Absolutely Not! In fact, it is much better to train, practice or play on Viking Ice, then transfer that training, practicing and playing to real ice. It has been proven that having played and trained on Viking Ice, then moving to real ice, one becomes a much better skater, shooter, passer and stick handler.

You indicated that Viking Ice is good for puck handling and shooting.  How does it work for goalie training and practice?

I personally know several goalie schools/coaches that have been pleased with Viking Ice for many years.  I would say Viking Ice for individual and group goalie training and development is outstanding for specific goalie calisthenics, handling the puck, using the goalie blocker and glove, stacking, side to side movements, telescoping, and knowing where the net is at all times, to name a few of the goalie basics a goalie needs to know and practice to play the position.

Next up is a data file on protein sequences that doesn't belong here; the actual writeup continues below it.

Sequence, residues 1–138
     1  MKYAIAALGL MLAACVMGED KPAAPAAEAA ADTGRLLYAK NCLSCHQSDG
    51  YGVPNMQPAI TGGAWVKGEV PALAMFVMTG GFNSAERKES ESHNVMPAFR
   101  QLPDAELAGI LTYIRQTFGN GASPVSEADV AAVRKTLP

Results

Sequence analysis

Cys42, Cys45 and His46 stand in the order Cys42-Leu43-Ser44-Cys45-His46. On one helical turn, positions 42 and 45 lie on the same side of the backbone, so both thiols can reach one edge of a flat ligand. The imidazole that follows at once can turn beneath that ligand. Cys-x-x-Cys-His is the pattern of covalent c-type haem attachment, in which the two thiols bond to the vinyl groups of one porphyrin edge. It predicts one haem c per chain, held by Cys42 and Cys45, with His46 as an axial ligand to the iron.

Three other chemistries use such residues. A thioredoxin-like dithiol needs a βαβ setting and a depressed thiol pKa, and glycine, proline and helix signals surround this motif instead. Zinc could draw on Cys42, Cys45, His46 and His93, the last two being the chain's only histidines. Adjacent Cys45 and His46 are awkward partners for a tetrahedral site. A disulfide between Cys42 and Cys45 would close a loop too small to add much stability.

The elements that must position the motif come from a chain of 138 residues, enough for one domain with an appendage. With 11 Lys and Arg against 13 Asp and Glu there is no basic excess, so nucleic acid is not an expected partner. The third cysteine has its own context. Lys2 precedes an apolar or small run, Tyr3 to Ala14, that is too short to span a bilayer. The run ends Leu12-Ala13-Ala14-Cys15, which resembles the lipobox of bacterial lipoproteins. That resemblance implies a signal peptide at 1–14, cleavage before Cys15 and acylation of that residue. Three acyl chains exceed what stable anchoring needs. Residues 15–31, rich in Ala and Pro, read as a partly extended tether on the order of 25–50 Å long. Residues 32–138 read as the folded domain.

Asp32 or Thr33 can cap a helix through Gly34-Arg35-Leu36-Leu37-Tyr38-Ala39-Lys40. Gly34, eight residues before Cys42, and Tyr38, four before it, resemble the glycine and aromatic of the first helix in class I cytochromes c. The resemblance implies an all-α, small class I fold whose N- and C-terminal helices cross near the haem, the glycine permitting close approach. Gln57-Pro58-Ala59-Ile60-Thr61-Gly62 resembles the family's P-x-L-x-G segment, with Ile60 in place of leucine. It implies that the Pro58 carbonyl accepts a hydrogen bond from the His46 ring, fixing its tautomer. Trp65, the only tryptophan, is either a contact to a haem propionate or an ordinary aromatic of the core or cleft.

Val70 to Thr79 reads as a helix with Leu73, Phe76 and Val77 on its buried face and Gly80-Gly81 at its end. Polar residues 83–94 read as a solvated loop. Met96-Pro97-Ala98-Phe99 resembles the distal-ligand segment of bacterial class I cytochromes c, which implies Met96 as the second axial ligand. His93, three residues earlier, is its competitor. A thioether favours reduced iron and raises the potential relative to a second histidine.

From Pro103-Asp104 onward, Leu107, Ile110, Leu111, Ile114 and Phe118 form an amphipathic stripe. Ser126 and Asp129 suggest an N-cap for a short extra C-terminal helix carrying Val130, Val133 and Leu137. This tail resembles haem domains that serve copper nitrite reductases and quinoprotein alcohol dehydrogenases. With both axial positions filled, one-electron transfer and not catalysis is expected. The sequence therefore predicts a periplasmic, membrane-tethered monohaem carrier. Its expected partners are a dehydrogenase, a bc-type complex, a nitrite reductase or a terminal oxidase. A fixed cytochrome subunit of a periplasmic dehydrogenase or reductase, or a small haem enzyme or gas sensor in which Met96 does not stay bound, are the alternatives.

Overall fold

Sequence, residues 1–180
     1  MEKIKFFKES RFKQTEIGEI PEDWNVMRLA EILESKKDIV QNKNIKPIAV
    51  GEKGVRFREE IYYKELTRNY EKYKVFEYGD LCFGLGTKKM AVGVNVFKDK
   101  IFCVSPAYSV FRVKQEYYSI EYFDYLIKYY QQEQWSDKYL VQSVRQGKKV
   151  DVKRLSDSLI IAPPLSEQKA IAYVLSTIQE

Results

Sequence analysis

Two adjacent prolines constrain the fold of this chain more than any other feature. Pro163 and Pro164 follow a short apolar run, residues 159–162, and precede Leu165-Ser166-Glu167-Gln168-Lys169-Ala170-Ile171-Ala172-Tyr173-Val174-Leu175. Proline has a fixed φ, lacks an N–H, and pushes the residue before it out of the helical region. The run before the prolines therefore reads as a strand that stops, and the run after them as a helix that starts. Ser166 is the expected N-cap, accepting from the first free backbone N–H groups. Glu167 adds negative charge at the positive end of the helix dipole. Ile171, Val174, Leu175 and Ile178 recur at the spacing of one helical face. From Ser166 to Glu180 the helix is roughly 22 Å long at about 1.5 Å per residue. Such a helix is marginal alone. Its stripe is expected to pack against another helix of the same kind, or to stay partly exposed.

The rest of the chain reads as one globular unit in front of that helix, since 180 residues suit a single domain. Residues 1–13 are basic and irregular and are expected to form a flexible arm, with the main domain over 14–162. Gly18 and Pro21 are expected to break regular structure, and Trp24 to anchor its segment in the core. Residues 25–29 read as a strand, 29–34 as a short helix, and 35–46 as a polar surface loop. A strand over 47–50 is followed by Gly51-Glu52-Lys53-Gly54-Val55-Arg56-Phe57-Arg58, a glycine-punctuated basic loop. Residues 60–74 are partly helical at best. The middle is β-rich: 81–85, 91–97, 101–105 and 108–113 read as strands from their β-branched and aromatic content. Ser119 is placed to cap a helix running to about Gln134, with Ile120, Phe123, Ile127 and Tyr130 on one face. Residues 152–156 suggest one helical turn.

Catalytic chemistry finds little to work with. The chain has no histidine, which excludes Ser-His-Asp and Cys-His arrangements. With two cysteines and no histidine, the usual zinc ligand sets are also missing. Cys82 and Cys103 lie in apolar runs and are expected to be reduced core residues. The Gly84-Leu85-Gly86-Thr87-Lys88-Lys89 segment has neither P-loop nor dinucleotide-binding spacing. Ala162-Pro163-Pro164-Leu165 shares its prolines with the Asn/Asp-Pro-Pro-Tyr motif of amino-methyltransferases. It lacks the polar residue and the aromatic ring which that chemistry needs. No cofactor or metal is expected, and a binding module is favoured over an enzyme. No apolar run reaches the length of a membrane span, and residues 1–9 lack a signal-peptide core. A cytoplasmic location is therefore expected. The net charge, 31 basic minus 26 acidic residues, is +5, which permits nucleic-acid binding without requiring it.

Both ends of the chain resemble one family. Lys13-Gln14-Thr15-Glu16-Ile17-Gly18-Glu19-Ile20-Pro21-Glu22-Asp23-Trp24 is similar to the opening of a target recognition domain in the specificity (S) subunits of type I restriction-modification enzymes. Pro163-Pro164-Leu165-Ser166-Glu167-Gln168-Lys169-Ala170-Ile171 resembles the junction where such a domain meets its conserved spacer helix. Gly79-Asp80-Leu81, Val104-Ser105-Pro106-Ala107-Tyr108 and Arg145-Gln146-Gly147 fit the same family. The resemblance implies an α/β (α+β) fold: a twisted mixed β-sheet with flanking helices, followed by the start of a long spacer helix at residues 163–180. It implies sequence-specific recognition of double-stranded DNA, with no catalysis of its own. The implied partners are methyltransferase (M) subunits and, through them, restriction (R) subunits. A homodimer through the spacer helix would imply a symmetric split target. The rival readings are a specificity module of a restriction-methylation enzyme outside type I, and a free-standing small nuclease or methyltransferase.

How can Viking Ice be used for professional coaching and home use?

Whether one is a pro coach or player, or novice to the game, Viking Ice is invaluable. For the pros, who have the required hockey skills to be successful at the game, a pro coach can have the team or individual player work on any weaknesses on the basics they may have on Viking Ice. For home use, whether a novice, or seasoned  participant, Viking Ice can help develop a love for the game, a way to practice and improve upon the fundamentals, have fun and make friends.

Every college and university hockey playing school should have Viking Ice on which to practice, develop, play and have fun.

Do you feel that Viking Ice is safe for serious skating?

You bet.  Viking Ice stays flat and joints are smooth and fixed.  The manufacturer developed a spline system that assures no movement at joints and that is where people can get hurt on most synthetic ice products.  But I’ll let them talk to that subject.  I have never seen a safety issue with Viking Ice.